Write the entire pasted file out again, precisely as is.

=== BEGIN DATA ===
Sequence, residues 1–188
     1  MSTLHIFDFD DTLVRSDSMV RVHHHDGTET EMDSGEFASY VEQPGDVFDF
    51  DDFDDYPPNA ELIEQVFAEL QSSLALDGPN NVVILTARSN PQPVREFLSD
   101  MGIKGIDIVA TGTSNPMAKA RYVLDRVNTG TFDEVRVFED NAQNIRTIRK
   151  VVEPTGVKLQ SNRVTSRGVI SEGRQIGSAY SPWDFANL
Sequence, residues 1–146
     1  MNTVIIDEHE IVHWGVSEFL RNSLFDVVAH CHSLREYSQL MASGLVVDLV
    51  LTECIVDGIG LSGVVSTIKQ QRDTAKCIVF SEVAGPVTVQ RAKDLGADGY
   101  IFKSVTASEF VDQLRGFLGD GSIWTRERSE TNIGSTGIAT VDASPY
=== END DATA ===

Sequence, residues 1–188
     1  MSTLHIFDFD DTLVRSDSMV RVHHHDGTET EMDSGEFASY VEQPGDVFDF
    51  DDFDDYPPNA ELIEQVFAEL QSSLALDGPN NVVILTARSN PQPVREFLSD
   101  MGIKGIDIVA TGTSNPMAKA RYVLDRVNTG TFDEVRVFED NAQNIRTIRK
   151  VVEPTGVKLQ SNRVTSRGVI SEGRQIGSAY SPWDFANL
Sequence, residues 1–146
     1  MNTVIIDEHE IVHWGVSEFL RNSLFDVVAH CHSLREYSQL MASGLVVDLV
    51  LTECIVDGIG LSGVVSTIKQ QRDTAKCIVF SEVAGPVTVQ RAKDLGADGY
   101  IFKSVTASEF VDQLRGFLGD GSIWTRERSE TNIGSTGIAT VDASPY